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The bizarre behaviour of the quantum world — with objects existing in two places simultaneously and light behaving as either waves or particles — could result from interactions between many 'parallel' everyday worlds, a new theory suggests.

“It is a fundamental shift from previous quantum interpretations,” says Howard Wiseman, a theoretical quantum physicist at Griffith University in Brisbane, Australia, who together with his colleagues describes the idea in Physical Review X1.

Theorists have tried to explain quantum behaviour through various mathematical frameworks. One of the older interpretations envisages the classical world as stemming from the existence of many simultaneous quantum ones. But that ‘many worlds’ approach, pioneered by the US theorist Hugh Everett III in the 1950s, relies on the worlds branching out independently from one another, and not interacting at all (see 'Many worlds: See me here, see me there').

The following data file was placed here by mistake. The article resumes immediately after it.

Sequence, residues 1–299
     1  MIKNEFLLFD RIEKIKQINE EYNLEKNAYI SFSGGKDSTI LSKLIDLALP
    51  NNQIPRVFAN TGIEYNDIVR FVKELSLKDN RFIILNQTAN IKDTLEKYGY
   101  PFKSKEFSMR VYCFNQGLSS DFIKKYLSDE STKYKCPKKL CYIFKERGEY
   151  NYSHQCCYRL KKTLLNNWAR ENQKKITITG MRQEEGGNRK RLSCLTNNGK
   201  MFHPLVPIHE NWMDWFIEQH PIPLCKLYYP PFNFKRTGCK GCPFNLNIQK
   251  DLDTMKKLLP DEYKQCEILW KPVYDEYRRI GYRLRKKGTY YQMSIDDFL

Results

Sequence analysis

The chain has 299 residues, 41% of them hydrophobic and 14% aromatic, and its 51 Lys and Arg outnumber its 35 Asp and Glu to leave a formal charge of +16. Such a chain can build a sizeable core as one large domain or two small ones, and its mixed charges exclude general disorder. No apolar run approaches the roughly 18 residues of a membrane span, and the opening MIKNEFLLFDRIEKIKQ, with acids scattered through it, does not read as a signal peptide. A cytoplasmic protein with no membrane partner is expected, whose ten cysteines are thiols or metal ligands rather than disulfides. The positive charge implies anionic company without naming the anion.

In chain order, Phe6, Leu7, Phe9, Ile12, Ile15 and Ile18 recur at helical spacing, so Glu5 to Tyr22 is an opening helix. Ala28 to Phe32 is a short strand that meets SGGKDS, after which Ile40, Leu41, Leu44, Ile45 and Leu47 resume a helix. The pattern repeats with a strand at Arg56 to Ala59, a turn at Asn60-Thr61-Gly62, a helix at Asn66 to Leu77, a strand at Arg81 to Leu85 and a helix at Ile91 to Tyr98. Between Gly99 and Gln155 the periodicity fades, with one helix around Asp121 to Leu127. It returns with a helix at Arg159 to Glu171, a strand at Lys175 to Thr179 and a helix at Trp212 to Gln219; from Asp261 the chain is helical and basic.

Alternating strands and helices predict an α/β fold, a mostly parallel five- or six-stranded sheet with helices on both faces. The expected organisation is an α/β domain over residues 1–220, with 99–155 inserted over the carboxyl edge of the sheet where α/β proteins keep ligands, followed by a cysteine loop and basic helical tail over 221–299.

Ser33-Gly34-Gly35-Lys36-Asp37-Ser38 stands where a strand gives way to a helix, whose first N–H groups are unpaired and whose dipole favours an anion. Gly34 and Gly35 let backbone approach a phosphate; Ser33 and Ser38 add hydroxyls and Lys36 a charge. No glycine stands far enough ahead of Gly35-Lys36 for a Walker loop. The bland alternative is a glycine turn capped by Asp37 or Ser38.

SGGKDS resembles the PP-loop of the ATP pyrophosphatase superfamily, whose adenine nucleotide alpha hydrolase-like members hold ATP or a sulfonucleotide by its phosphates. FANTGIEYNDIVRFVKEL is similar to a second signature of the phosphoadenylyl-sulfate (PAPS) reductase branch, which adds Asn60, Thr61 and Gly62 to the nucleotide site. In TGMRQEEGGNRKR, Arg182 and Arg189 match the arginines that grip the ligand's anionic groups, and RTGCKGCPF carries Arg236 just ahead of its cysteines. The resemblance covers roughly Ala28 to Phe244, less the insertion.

By contrast, Wiseman’s team envisages many worlds bumping into one another, calling it the 'many interacting worlds' approach. On its own, each world is ruled by classical Newtonian physics. But together, the interacting motion of these worlds gives rise to phenomena that physicists typically ascribe to the quantum world.

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